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United States Court of Appeals,Tenth Circuit.

UNITED STATES of America, Plaintiff-Appellee, v. Albertson WILLIE, Jr., Defendant-Appellant.

No. 00-2186.

Decided: June 19, 2001

Before SEYMOUR, PORFILIO and KELLY, Circuit Judges. Susan Bronstein Dunleavy, Assistant Federal Public Defender, Albuquerque, NM, for Defendant-Appellant. James Miles Hanisee, Office of the United States Attorney, Albuquerque, NM, (Norman C. Bay, United States Attorney, and David N. Williams, Assistant U.S. Attorney, Albuquerque, NM, on the brief), for Plaintiff-Appellee.

Albertson Willie, Jr., appeals the district court's upward adjustment of his sentence for the rape of his daughter.   For the reasons stated below, we affirm the ruling of the district court and uphold Mr. Willie's sentence.


Mr. Willie was indicted by a grand jury on six counts of sexual abuse of his ten-year-old daughter.   He pled guilty to one count of engaging in a sexual act with a child under the age of twelve in violation of 18 U.S.C. §§ 1153, 2241(c) and 2246(2)(A).   Because the issues in this case are particularly dependent on the facts, we set forth those facts in some detail.1

At the time of the rape to which he pled guilty, Mr. Willie was thirty years old, 5′9″ tall, and weighed 260 pounds.   He resided with his common-law wife, Laura Leslie, in a one-room hogan within the boundaries of the Navajo Nation in Twin Lakes, New Mexico.   Also living with Mr. Willie and Ms. Leslie were their four daughters, aged ten, eight, five, and two.   The hogan had one bed, upon which Mr. Willie and Ms. Leslie slept, and two couches.   The younger three daughters slept on one of the couches while the eldest daughter, the victim in this case, slept alone on another couch.   Ms. Leslie often worked outside the home in the evenings, which is when the sexual abuse most often took place.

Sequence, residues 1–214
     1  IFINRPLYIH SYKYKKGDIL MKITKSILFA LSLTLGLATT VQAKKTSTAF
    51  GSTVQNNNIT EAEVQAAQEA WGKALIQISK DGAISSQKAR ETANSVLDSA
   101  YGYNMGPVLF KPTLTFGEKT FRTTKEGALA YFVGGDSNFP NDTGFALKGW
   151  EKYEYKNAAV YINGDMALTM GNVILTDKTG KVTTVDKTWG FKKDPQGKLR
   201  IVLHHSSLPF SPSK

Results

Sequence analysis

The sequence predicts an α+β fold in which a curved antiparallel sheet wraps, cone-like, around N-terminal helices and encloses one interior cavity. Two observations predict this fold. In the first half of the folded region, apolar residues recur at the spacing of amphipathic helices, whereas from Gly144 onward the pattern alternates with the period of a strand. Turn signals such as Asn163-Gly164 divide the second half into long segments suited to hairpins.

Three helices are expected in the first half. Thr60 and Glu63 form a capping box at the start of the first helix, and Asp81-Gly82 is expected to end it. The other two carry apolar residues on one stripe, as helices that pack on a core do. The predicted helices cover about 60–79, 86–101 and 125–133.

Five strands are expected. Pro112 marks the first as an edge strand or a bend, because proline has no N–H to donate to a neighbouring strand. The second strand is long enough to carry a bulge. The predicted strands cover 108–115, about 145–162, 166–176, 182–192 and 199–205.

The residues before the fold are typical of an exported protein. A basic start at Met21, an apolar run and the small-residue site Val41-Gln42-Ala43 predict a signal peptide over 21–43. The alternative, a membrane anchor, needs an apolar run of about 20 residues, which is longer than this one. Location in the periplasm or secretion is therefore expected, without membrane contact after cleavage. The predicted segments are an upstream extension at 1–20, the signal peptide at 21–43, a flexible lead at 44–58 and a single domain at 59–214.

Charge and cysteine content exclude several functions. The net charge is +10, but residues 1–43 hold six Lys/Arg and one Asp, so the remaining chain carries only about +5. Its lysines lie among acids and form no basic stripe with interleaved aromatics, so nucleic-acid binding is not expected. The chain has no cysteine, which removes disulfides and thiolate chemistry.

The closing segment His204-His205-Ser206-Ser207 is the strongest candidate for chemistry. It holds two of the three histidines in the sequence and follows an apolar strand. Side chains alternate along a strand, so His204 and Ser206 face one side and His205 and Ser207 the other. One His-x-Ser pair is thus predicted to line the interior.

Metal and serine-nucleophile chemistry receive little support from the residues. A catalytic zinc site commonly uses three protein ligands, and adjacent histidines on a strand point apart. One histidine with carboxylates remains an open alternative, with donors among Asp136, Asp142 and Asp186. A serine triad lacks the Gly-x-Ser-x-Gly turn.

On September 20, 1999, Ms. Leslie was at work and Mr. Willie was watching the children.   The victim had already gone to sleep for the night.   That night, as she frequently did, the victim shared a couch with her eight-year-old sister, believing that “dad won't come over to the couch and get me” if her sister were present.   Rec., vol.  II at 5. Mr. Willie turned off the lights and television, turned on the radio, and then went over to the couch where the victim was sleeping.   He picked her up and carried her over to his bed.   Mr. Willie then removed the victim's jeans, t-shirt, panties, and bra.   He removed his own clothing, then lay next to her on the bed.   He placed his finger on her vagina, then inside her vagina.   He then digitally penetrated her anus and began to kiss her on the lips.   He next penetrated her anus with his penis.   Then he lay on his back, placed the victim on his lap and penetrated her with his penis.

The next day, the victim revealed the abuse to her paternal uncle and his common-law wife.   Her aunt and uncle in turn told the victim's school counselor.   The victim was taken that day to the Gallup Indian Medical Center for a full examination.   During that examination, the victim informed the doctor that Mr. Willie had been abusing her for two years, since she was eight years old.   She told the doctor that her father had penetrated her vaginally and anally with his penis and fingers on many occasions and had also made her touch his penis.   The victim informed the doctor that her father hurt her when he committed these sexual acts.   She also stated that “her father hurt her legs and buttocks when he spanked her with a ‘wire and pliers.’ ” Rec. Vol. 2 at 5. The doctor found “definite signs of penetration” in her genitalia, but found no injuries or diseases.  Id.